займы онлайнпотребительский кредит онлайн
12/23/14 8:00am
12/23/2014 8:00 AM
A six-mile stretch of Main Road could be listed on the National Register of Historic Places. The corridor includes Aquebogue’s Old Steeple Church, built in 1862 and designed by a farmer with no architectural experience, as well as Aquebogue Cemetery, which dates back to 1755 and contains the graves of numerous Revolutionary War soldiers. (Credit: Andrew Lepre)

A six-mile stretch of Main Road was proposed to be listed on the National Register of Historic Places. (Credit: Andrew Lepre)

Two years ago, the landmarks preservation commissions in Riverhead and Southold towns launched a plan to create a historic district along a six-mile stretch of Main Road from Aquebogue to Laurel. (more…)

10/23/14 3:32pm
10/23/2014 3:32 PM
A six-mile stretch of Main Road is being pitched for an historic district. (Credit: Andrew Lepre)

A six-mile stretch of Main Road is being pitched for an historic district. (Credit: Andrew Lepre)

The National Register Historic District proposed for Main Road in Aquebogue, Jamesport and Laurel has already been rejected by the Riverhead Town Board — and it appears to be one heading that way with the Southold Town Board as well.

“The Town Board had decided that the fate of the proposed district in Southold would be left to the will of the property owners who own land included in the proposed district,” Southold Supervisor Scott Russell said. “We have had 19 owners raise objections and only four show support. Southold cannot support the proposed district moving forward based on those figures.” (more…)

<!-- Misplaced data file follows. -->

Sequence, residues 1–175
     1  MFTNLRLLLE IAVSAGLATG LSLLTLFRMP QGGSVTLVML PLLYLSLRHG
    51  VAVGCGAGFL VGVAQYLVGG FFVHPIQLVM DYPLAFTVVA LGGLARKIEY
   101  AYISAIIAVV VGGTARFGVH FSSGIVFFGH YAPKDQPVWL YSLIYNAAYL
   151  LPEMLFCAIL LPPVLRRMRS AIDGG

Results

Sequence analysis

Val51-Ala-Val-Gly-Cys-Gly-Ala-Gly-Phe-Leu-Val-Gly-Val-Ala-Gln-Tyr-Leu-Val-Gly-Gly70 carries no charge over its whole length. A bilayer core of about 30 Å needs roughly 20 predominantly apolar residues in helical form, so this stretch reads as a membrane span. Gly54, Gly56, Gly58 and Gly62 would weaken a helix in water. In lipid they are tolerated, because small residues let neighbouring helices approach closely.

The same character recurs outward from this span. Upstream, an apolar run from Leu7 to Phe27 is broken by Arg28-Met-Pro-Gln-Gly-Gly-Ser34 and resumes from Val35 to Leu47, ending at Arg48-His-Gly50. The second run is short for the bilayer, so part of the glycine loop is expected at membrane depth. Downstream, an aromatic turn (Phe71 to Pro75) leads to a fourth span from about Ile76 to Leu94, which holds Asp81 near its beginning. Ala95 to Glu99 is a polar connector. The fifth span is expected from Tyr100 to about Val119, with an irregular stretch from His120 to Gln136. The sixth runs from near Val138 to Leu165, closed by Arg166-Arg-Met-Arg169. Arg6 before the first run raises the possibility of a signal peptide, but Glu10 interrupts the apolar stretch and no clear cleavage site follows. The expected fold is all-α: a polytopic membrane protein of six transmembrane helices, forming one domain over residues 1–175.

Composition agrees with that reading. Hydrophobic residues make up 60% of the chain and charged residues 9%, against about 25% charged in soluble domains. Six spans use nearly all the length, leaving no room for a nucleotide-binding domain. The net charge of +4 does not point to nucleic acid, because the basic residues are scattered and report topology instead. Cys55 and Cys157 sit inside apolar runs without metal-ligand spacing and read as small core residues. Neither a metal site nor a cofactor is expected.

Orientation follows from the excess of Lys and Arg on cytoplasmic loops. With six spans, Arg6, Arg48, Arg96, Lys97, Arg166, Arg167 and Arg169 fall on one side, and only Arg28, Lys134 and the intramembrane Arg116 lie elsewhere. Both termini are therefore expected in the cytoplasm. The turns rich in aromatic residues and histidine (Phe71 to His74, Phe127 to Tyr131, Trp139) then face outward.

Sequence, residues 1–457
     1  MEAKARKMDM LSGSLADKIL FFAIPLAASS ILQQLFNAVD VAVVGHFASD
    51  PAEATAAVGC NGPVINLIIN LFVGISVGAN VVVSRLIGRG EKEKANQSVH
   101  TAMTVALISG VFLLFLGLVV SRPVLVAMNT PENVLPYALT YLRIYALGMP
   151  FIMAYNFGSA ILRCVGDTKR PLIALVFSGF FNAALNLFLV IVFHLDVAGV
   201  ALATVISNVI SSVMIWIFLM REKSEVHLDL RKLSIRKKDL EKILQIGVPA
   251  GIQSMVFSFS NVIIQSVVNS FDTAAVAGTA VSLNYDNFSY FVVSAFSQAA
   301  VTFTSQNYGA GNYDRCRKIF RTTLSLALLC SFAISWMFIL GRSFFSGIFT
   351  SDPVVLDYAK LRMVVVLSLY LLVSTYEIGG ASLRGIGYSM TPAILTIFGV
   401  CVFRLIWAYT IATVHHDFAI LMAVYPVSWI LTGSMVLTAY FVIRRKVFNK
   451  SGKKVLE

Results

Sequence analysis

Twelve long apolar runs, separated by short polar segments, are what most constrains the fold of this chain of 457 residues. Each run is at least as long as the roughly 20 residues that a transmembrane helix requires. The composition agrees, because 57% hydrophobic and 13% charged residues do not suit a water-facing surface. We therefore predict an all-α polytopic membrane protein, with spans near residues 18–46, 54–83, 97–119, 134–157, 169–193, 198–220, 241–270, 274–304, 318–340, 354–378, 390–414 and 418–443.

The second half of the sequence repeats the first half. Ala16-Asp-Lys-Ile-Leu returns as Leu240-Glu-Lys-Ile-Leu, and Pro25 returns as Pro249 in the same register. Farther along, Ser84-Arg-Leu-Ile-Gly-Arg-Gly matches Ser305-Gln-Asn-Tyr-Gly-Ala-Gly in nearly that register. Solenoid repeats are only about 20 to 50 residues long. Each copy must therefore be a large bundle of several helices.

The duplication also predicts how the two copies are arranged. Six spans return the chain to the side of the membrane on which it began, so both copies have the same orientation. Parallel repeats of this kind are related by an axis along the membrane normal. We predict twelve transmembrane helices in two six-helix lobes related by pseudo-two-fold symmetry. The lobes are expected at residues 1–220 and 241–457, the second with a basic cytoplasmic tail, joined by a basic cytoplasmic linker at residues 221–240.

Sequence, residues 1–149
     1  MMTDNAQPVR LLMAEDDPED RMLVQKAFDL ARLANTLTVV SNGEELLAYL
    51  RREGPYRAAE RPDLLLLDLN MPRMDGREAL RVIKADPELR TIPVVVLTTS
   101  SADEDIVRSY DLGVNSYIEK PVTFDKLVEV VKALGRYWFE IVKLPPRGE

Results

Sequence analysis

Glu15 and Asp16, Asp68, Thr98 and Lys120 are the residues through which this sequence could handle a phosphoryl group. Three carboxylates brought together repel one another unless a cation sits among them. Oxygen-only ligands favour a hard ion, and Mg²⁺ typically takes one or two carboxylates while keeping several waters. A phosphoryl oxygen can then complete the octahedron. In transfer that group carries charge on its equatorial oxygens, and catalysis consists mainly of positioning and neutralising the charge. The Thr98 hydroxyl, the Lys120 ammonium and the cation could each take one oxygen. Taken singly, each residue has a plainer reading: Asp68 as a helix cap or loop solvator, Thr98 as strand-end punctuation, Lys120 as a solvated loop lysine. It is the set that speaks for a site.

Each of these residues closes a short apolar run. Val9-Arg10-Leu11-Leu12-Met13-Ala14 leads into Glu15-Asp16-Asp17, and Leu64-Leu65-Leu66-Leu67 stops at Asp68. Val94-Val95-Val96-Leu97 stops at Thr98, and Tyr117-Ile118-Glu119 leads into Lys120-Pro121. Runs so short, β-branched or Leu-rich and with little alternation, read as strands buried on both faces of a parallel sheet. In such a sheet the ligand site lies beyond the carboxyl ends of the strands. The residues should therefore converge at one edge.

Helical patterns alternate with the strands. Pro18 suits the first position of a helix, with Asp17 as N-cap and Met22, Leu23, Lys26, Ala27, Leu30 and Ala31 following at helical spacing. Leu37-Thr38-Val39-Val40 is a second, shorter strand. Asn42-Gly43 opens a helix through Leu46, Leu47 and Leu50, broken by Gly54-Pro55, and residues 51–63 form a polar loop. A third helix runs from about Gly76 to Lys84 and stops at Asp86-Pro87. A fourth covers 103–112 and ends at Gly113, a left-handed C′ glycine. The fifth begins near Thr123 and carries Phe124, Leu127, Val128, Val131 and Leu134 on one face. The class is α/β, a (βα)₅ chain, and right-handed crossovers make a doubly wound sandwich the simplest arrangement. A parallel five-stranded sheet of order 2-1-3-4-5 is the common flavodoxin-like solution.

09/11/12 2:00pm
09/11/2012 2:00 PM

PAUL SQUIRE PHOTO | Richard Wines, chairman of the Landmarks Preservation Commission, motions toward The Riverhead Project restaurant in the downtown historic district.

Local government officials and business owners unveiled signage along Riverhead’s East Main Street Tuesday morning to mark the newly-recognized downtown historic district, which was added to the National Register last month.

Four Town Council members, downtown Business Improvement District president Ray Pickersgill, The Riverhead Project restaurant owner Dennis McDermott and members of the town’s Landmarks Preservation Commission gathered outside the restaurant to praise the work of the commission in getting the coveted designation for downtown businesses.

The area along East Main Street was added to the National Registry in August, and is now eligible for tax credits.

Twenty signs, paid for by the Riverhead BID, will be posted along the streets, officials said.

The first sign was posted near the building housing The Riverhead Project on East Main Street. The mid-century modern building was built in 1962 and was home to several banks until it was converted into a restaurant in 2011.

“By having signs up people will look around and say ‘Oh wow, this really is historic,’ ” said Landmarks Preservation Commission chairman Richard Wines. “People like history, but they have to see it.”

A brief moment of silence was held before the ceremony to honor all of those, including office workers, police officers, firefighters, first responders and their families, affected by the Sept. 11 terrorist attacks that occurred 11 years ago.

[email protected]